Posts Tagged ‘social networks’

Church Feeds the Soul, But What About the Waist?

August 25, 2019 — For African American men, a new study tells us frequent church attendance predicts double the risk of obesity. That’s versus men who seldom attend. But in these data, researchers found no such link for women. Health in Faith-Based Settings Keisha Bentley‑Edwards used data from the National Survey of American Life. It’s a fascinating study with […]

Getting a Handle on the Social Environment for Obesity

November 30, 2018 — The idea that obesity is contagious is a “brilliant analogy,” says a distinguished professor of pediatrics, Leonard Epstein. More and more research supports this view. But the ideas about contagion require careful thinking in this context. Thinking about transmitting obesity from one person to another is not especially helpful. What’s more relevant is thinking about […]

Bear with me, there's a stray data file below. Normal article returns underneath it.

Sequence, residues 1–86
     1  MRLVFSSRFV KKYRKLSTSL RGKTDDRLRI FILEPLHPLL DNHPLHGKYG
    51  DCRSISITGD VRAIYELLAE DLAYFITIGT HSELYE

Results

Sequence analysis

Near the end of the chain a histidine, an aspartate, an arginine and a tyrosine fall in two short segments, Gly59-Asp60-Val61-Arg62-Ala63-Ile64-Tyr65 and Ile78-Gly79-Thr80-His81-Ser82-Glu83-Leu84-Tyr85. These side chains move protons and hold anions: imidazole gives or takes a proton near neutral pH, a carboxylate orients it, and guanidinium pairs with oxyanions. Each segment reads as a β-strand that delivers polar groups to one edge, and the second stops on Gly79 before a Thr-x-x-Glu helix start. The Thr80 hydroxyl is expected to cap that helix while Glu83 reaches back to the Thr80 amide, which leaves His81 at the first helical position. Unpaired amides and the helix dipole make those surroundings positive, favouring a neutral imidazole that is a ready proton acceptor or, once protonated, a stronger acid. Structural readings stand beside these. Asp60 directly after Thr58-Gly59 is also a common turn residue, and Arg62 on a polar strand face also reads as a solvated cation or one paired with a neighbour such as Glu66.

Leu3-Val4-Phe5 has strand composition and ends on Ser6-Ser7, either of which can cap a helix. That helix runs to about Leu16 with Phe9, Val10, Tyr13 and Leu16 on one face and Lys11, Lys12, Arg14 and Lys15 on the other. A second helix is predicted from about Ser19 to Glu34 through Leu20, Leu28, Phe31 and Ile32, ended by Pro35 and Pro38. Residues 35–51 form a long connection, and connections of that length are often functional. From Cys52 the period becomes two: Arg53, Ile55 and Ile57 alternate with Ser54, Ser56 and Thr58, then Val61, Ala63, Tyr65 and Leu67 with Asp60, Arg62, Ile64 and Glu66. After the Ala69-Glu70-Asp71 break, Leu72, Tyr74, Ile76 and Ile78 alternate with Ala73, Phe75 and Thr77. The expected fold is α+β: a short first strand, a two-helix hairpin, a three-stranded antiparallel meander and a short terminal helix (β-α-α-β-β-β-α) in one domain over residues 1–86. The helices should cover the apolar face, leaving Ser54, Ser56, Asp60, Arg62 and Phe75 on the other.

Evidence for a Spousal Benefit in Weight Management

February 1, 2018 — Obesity seems to move through a person’s social network, as we described here last week. But today, we have a new study in Obesity that shows the positive effect that a very intimate social network can have. In a randomized controlled trial, researchers found good evidence for a spousal benefit in weight management. When one […]

Can Kids Help Grownups Eat Better?

July 19, 2015 — It might be that kids help grownups eat better, according to a new observational study just published in Obesity. This particular study (by Winston et al) looks at the relationship between helpful or unhelpful friends and family, and weight outcomes in a population of mostly female Black and Hispanic adults. On average, people lost about 11 […]

Follow the Leader in Healthy Dining (or Not)

October 4, 2014 — When it comes to healthy dining, it seems that the company you keep really does matter. Obesity can spread through social networks. This observation has been pretty well documented for a while now, but the nature of the relationship between obesity risk and social networks has been understood more as an association than as cause and effect. For example, […]